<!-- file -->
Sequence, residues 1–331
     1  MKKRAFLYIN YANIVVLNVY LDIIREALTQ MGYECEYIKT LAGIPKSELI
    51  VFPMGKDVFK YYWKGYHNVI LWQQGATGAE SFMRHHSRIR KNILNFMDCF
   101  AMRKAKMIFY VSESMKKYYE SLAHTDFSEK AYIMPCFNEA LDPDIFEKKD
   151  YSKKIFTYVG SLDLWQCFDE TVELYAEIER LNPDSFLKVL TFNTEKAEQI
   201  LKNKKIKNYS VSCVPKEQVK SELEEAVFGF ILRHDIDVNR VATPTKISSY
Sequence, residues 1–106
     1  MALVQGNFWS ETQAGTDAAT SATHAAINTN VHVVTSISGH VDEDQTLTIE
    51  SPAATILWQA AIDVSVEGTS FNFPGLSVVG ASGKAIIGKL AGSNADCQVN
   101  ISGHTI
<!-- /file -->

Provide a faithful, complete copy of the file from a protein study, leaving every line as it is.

Sequence, residues 1–331
     1  MKKRAFLYIN YANIVVLNVY LDIIREALTQ MGYECEYIKT LAGIPKSELI
    51  VFPMGKDVFK YYWKGYHNVI LWQQGATGAE SFMRHHSRIR KNILNFMDCF
   101  AMRKAKMIFY VSESMKKYYE SLAHTDFSEK AYIMPCFNEA LDPDIFEKKD
   151  YSKKIFTYVG SLDLWQCFDE TVELYAEIER LNPDSFLKVL TFNTEKAEQI
   201  LKNKKIKNYS VSCVPKEQVK SELEEAVFGF ILRHDIDVNR VATPTKISSY
Sequence, residues 1–106
     1  MALVQGNFWS ETQAGTDAAT SATHAAINTN VHVVTSISGH VDEDQTLTIE
    51  SPAATILWQA AIDVSVEGTS FNFPGLSVVG ASGKAIIGKL AGSNADCQVN
   101  ISGHTI